Zak: Management Shakeup in Russian Space Could Start Today

Zak: Management Shakeup in Russian Space Could Start Today

Russian President Dmitry Medvedev made it clear over the weekend that he wants to punish those responsible for the likely failure of Phobos-Grunt.   Anatoly Zak at reports that “the latest round of purges” at Russia’s space agency, Roscosmos, “was expected to start as soon as Monday, November 28.”

Zak, a widely respected Russian space analyst who lives in the United States, is highly critical of Medvedev’s comments:  “With his trivialization of Stalin’s crimes in a pre-election political theater, Medvedev played a dangerous game of appeasing those who saw the unspeakable terror of the Soviet past as a viable future for Russia…. In the 1930s, Stalin’s henchmen nearly decimated the nascent Soviet rocket development program, along with the rest of the Soviet society. Leaders of the Rocket Research Institute, RNII, were murdered and the organization’s leading engineers, Sergei Korolev and Valentin Glushko, lost years of their lives in prisons.” 

The current head of Roscosmos, Vladimir Popovkin, has been on the job only a few months.  A retired Army general, he replaced Gen. Anatoly Perminov who was forced into retirement in April after a December 2010 Proton launch failure that doomed three GLONASS navigation satellites.  The GLONASS system, similar to the U.S. Global Positioning System (GPS), is a top priority at the highest levels of the Russian government and it would have gotten back up to full operational capability — 24 operational satellites — with that launch.   That milestone was ultimately achieved last month.  The Russians want to have 30 operational satellites on orbit, and another was launched today.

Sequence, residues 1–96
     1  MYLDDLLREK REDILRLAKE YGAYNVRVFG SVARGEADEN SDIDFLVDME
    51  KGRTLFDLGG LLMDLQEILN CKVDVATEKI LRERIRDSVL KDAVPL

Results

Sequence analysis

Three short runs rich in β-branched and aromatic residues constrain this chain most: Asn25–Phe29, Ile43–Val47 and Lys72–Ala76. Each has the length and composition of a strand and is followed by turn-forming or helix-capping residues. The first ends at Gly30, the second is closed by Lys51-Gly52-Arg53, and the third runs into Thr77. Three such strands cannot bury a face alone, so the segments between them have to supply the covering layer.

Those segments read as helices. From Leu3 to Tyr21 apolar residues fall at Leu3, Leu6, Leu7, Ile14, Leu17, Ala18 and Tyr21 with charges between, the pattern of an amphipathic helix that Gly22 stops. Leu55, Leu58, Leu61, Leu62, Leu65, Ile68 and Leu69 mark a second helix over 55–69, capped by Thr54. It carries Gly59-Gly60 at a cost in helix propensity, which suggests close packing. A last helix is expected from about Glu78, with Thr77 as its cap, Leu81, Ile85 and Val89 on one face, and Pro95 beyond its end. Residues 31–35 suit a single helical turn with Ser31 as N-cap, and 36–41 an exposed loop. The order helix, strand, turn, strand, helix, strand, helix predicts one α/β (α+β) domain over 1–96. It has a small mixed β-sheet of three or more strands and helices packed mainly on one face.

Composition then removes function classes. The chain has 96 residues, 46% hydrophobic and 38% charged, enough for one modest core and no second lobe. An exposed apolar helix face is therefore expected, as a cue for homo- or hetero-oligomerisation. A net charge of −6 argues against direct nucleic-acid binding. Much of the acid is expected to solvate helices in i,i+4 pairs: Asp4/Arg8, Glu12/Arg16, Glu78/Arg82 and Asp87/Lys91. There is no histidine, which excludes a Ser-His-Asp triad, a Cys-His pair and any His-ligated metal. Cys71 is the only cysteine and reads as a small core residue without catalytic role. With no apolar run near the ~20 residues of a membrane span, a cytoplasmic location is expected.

Russia has suffered a series of embarrassing rocket failures in the past year and some wonder if that reflects deeper problems in the Russian aerospace industry.  In a speech to the Russian State Duma (its lower house of Parliament) in October, Popovkin reportedly acknowledged a “deep rooted crisis” caused by “outdated regulations,” “fixed asset depreciation,” a “technology gap,” and an aging aerospace workforce.  He added that he planned to make major changes at Khrunichev, which manufactures Proton and other Russian launch vehicles.

Khrunichev did not build either Phobos-Grunt or the Fregat upper stage that apparently malfunctioned, however.  Both are built by NPO Lavochkin, which undoubtedly is under scrutiny for this latest failure.  Hopes have dimmed that the spacecraft can be rescued.

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